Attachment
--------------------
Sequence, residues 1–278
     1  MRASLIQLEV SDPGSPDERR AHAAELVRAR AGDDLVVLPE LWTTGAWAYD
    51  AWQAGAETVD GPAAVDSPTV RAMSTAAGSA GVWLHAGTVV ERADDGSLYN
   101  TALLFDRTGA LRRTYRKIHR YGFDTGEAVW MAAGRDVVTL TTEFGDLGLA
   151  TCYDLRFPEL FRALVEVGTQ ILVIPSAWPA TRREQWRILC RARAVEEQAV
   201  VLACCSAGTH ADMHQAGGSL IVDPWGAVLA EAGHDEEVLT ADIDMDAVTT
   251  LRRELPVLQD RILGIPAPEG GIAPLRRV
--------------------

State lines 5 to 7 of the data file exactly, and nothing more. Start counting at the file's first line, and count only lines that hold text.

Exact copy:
   151  TCYDLRFPEL FRALVEVGTQ ILVIPSAWPA TRREQWRILC RARAVEEQAV
   201  VLACCSAGTH ADMHQAGGSL IVDPWGAVLA EAGHDEEVLT ADIDMDAVTT
   251  LRRELPVLQD RILGIPAPEG GIAPLRRV